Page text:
IT is a rare driver who has never incurred a speeding or parking ticket.
At some time, most of us have overstayed our welcome at a parking meter or failed to notice the speed limit has changed.
But something is wrong when more than 10,000 motorists are caught driving through a bus gate in just 15 days.
At the end of June, the city council banned cars from driving from West Nile Street, through Nelson Mandela Street into George Square.
The aim of the move is to smooth the flow of public transport and make the historic area more pleasant for the thousands of people who pass through the Square each day.
Signs went up warning of the new measure and drivers were given a few days to get used to the new traffic regulation before fixed penalty tickets were sent out.
It would have been quite normal for a handful of drivers not to have noticed the new signs and road markings - especially if they were on their mobile phones at the time.
But on 15 days between June 30 and July 16, a staggering 10,096 motorists entered the bus gate and were hit with a £60 fine.
The result has been not unexpected - furious drivers have been inundating the Evening Times with emails of complaint.
A number have announced they are planning to contest the fines and no doubt many more are considering the same action.
One has even written Transport Minister Keith Brown saying he has serious doubts about the legality of the signs and road markings.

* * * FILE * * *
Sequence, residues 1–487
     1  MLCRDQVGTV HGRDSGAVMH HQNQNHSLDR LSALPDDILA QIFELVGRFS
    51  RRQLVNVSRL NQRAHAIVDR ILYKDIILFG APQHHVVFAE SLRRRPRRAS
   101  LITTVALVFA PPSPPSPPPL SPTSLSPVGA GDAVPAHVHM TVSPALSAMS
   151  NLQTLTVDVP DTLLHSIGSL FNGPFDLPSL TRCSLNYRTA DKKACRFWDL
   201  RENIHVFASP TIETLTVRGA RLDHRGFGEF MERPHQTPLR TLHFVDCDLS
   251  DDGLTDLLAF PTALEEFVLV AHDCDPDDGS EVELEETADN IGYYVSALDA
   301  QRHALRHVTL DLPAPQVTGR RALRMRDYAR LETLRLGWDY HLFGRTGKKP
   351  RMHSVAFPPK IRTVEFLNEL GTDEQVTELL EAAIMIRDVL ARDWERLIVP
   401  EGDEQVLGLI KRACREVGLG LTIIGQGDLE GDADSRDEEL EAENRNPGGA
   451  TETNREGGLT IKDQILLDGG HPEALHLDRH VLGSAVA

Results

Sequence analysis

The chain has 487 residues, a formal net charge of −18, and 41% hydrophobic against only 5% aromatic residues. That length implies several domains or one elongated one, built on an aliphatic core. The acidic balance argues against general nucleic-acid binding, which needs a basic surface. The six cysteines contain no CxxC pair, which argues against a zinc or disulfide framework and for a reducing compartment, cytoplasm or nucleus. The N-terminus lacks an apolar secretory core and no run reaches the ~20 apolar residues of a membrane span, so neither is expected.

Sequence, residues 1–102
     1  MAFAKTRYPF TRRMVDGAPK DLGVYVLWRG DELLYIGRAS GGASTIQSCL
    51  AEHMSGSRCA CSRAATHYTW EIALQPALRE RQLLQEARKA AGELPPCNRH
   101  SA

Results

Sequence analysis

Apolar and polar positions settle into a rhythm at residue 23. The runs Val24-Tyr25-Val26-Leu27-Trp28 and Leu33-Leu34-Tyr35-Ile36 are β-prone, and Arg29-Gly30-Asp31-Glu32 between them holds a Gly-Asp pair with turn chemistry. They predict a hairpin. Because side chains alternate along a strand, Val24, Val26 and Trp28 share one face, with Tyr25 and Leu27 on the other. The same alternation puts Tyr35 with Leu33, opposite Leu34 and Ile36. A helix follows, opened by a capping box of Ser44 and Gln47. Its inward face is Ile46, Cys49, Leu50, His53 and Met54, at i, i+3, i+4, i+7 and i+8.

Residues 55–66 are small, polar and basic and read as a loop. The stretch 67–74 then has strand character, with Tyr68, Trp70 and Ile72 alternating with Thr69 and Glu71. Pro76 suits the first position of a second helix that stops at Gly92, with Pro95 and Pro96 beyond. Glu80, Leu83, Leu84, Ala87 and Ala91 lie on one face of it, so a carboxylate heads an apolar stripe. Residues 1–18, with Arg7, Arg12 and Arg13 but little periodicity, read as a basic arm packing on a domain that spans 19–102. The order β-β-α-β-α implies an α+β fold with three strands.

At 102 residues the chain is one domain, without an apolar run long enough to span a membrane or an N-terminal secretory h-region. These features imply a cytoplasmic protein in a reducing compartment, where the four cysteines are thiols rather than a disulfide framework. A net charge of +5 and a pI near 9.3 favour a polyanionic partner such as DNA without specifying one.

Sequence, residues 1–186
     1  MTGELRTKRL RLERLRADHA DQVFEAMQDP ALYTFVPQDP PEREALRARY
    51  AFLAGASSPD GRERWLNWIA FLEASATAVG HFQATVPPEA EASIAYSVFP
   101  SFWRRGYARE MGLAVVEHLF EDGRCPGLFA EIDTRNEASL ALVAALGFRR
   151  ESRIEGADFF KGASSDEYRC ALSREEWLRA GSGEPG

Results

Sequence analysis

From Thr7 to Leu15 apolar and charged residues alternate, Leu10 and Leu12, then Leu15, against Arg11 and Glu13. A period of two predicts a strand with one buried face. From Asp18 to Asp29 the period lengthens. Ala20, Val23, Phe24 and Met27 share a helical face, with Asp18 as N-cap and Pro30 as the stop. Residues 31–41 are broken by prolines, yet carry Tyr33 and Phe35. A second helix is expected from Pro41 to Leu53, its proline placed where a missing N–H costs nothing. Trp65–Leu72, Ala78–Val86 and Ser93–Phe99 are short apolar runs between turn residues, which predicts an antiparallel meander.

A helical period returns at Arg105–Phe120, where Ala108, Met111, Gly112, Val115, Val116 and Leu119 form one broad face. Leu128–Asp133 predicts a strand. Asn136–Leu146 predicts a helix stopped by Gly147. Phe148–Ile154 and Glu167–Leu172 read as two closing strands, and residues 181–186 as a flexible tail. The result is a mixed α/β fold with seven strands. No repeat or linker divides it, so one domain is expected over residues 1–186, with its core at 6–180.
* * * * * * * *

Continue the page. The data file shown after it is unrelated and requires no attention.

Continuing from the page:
Road chiefs insist they gave sufficient advance warnings of the new bus gate and that the signs are more than adequate.
But one driver who uses Nelson Mandela Place every working day said the first he know of the new restriction was when he turned left into the street and found himself on top of the road markings.
He hit the brake but released he could not reverse out of the street so had no option but to go ahead and incur a fine.
Surely the fact so many people have been caught in such a short time means something is badly wrong with the signs warning about the bus gate.
Certainly Neil Greig of the IAM motoring charity thinks there is a problem describing the signage as "woefully inadequate".
The thinking behind the council plan to ban cars from part of George Square is laudable if it means locals and visitors can enjoy the historic space with less traffic thundering past and better air quality.
But the council must revisit the signs and find a way to ensure they are clearly visible to drivers.
Sitting on their hands is just not good enough given the number of people who in 15 days ran up fines which could net the council £600,000 in fines.